No End in Sight
No End in Sight
Tourism opportunities in Mexico are seemingly boundless. While it has everything expected of a neighboring Central American country—pristine beaches on two oceans, artifacts from magnificent ancient civilizations, and pioneering adventure and ecological tourism activities—the Mexican tourism industry is filled with so much more that distinguishes it from its regional competitors. The country has something to offer everybody and has long been known as a both attractive and affordable vacation destination, especially in North America.
According to tourism research center the World Travel and Tourism Council (WTTC), the tourism industry directly contributed some MXN1.26 trillion, or close to $69 billion, to the country’s GDP in 2015, representing 7% of GDP. The WTTC estimates that in 2016 this figure will increase by 4% to MXN1.3 trillion, or nearly $71 billion. The tourism industry’s direct contribution to GDP is expected to steadily increase through to 2026 according to the WTTC’s projections, with a slightly increased growth of 4.2% per annum, reaching almost MXN2 trillion, or close to $109 billion, and representing 7.6% of GDP. The industry overall has a much more significant impact on the Mexican economy and GDP; in 2015, the total tourism contributions to the GDP, which includes direct, indirect, and induced contributions through investment, income impacts, and the supply chain, reached MXN2.7 trillion, or some $147 billion, accounting for just over 15% of GDP. The council estimates growth in 2016 to reach MXN2.9 trillion, or over $152 billion, making up 15.3% of the country’s GDP. Expectedly, this contribution to GDP is projected to increase over the coming decade, reaching MXN4.3 trillion, or $234 billion, and making up 16.5%—almost one-fifth—of Mexican GDP.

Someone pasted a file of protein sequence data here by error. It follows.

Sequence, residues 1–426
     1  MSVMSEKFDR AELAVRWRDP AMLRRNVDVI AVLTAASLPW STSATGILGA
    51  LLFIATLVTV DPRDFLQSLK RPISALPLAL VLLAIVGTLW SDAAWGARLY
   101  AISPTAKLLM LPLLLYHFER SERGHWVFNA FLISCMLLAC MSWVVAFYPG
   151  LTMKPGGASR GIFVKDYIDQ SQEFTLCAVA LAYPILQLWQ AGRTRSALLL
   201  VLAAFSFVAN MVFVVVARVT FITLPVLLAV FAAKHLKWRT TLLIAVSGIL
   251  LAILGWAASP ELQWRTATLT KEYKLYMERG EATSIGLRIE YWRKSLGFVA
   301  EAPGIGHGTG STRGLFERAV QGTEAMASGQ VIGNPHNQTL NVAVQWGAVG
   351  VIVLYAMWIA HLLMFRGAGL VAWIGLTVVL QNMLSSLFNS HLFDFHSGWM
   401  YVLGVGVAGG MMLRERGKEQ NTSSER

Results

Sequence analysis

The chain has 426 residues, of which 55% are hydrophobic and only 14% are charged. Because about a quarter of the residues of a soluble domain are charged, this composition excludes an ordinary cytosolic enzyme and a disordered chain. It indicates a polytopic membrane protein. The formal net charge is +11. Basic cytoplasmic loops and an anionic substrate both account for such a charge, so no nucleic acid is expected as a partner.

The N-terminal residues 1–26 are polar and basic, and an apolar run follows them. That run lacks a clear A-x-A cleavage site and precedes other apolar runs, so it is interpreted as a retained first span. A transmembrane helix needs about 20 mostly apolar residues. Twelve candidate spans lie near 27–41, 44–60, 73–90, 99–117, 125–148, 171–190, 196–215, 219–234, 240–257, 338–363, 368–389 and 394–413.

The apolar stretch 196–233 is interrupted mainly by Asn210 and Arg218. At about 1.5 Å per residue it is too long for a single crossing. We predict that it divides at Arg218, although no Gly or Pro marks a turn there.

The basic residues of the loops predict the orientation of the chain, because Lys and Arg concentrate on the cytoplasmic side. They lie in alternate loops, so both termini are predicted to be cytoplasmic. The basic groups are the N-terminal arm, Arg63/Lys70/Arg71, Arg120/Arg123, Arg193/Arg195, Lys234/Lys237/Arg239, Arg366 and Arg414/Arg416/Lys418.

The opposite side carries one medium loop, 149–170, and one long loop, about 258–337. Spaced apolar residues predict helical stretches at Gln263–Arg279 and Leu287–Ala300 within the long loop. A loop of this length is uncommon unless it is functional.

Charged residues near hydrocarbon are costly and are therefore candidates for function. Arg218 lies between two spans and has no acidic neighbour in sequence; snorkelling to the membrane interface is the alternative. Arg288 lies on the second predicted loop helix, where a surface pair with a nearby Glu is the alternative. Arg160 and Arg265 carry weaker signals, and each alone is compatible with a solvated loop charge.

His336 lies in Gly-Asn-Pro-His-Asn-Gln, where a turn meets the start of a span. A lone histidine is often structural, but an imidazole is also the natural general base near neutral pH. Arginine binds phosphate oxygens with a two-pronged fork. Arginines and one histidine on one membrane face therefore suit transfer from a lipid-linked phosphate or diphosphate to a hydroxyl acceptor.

A significant aspect of the industry’s contribution to GDP is the money spent by visitors. In 2015, visitors spent MXN292 billion, or just under $16 billion, in the country, WTTC data show. In 2016, that figure is expected to increase to just over MXN300 billion, or $16.3 billion, and rise to MXN515.8 billion, or $28 billion, by 2026. Leisure tourism to the country far dwarfs business travel, according to data from the WTTC. In 2015, leisure tourism spending, by both international and domestic travelers, claimed just over 90% of total spending, or MXN1.9 trillion (or $103 billion), while business tourism by both foreigners and locals only contributed 9.8%, or MXN208 billion, or $11 billion. Leisure travel spending is expected to rise to just under MXN2 trillion, or $109 billion in 2016, and reach MXN3 trillion, or $163 billion, by 2026, whereas business tourism spending is forecasted to increase to MXN219.8 billion, or $12 billion, in 2016 and reach MXN319.2 billion, or $17.3 billion, by 2026.